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My views.py has become too big and it's hard to find the right view. So how do i split it in several files and then import it? Does it involve any speed loss? Can i do the same with models.py?

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7 Answers 7

up vote 51 down vote accepted

In Django everything is python modules (*.py). You can create a view folder with an __init__.py inside and you still will be able to import it.. But an example would be better.

Your original views.py might look like this :

def view1(arg):
    pass

def view2(arg):
   pass

With the following folder/file structure it will work the same :

views/
   __init__.py
   viewsa.py
   viewsb.py

viewsa.py :

def view1(arg):
    pass

viewsb.py :

def view2(arg):
    pass

__init__.py :

from viewsa import view1
from viewsb import view2

The quick explanation would be : when you do from views import view1 i will look for view1 in

  1. views.py int the first case (original)

  2. in views/__init__.py in the second case. And __init__.py is able to provide view1 method because it imports it.

With this kind of solution, you might have no need to change import or urlpatterns arguments in urls.py

I actually don't know about speed issues (but I doubt there is).

For Models it might be a bit difficult.

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Could you please add a url pattern that matches view1 or view2 in your example? Because I'm having issues with that.... –  Pascal Klein Aug 5 '11 at 7:14
    
I tried doing this, but when I go to import my models (from app.models import MyModel or from models import MyModel) Python complains that the model doesn't exist. –  Chris Miller Nov 5 '13 at 20:18
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Basically, you can put your code, whereever you wish. Just make sure, you change the import statements accordingly, e.g. for the views in the urls.py.

Not knowing your actual code its hard to suggest something meaningful. Maybe you can use some kind of filename prefix, e.g. views_helper.py, views_fancy.py, views_that_are_not_so_often_used.py or so ...

Another option would be to create a views directory with an __init__.py, where you import all subviews. If you have a need for a large number of files, you can create more nested subviews as your views grow ...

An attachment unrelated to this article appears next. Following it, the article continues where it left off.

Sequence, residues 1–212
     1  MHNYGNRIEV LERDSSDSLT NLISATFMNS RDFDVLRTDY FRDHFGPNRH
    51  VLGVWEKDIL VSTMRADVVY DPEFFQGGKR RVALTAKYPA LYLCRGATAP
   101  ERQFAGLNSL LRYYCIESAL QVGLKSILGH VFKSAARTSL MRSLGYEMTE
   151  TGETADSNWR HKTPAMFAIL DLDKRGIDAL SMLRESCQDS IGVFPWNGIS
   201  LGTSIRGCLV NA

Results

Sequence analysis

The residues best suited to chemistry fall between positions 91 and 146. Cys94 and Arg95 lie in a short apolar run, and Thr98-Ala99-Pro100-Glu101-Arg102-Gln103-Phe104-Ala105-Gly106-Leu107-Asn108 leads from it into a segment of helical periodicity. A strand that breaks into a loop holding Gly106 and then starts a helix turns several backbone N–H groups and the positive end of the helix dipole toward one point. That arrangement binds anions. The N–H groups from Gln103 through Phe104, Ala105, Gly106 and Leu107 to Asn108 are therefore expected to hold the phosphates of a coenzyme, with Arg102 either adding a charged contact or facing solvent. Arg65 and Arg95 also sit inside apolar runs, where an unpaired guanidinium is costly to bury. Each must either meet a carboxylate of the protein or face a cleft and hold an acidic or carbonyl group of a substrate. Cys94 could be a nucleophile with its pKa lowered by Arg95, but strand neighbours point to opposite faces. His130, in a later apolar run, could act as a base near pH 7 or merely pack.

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I've had to do this before (for clarities sake)

The way I did this was to create a views directory, then, in that, create a file called __init__.py

Now, when you're calling in your urls.py, you simply need to add another part

For example, previously, you may have called:-

url(r'^calendar/(?P<year>\d\d\d\d)/$', 'myproject.calendar.views.year')
url(r'^calendar/(?P<year>\d\d\d\d)/(?P<user>[a-z]+)/$', 'myproject.calendar.views.year_by_user')

You can now call something along the lines of

url(r'^calendar/(?P<year>\d\d\d\d)/$', 'myproject.calendar.views.year.index')
url(r'^calendar/(?P<year>\d\d\d\d)/(?P<user>[a-z]+)/$', 'myproject.calendar.views.year.user')

This is, of course, assuming that you had views/year.py containing the functions index and user ;)

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Simple answer: Yes.

Best is to make a directory called views and then in your urls.py do:

import views
...
url(r'^classroom$', views.school.klass, name="classroom"),
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I've been playing with putting this in my init.py:

import os

currPath = os.path.realpath(os.path.dirname(__file__))

dirFiles = []
for root, dirs, files in os.walk(currPath):
    for name in files:
        if name.endswith('.py') and not name.startswith('_'): 
            dirFiles.append(name.strip('.py'))

for f in dirFiles:
    exec("from %s import %s" % (f,f))

I'm still new to python, so I'm still looking at what effect it has on speed/security/ease of use.

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I split almost all views in my apps into a views folder (with an init.py of course). I do not, however, import all of the subviews in the init.py like some of the answers have suggested. It seems to work just fine.

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Since Django just expects a view to be a callable object, you can put then wherever you like in your PYTHONPATH. So you could for instance just make a new package myapp.views and put views into multiple modules there. You will naturally have to update your urls.py and other modules that reference these view callables.

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This is actually incorrect - it can be done with models. See: code.djangoproject.com/ticket/4470 –  Jonathan Berger Apr 17 '11 at 20:27
1  
Ah, good to know, thank you :-) I always thought there was a bit more magic involved with models and how they live in the app package. Removed the line about models in my response. –  Horst Gutmann Apr 20 '11 at 20:39
    
Glad I could help, I realized later that this link actually explains how it's done with models much better: blog.amber.org/2009/01/19/… –  Jonathan Berger May 2 '11 at 23:45
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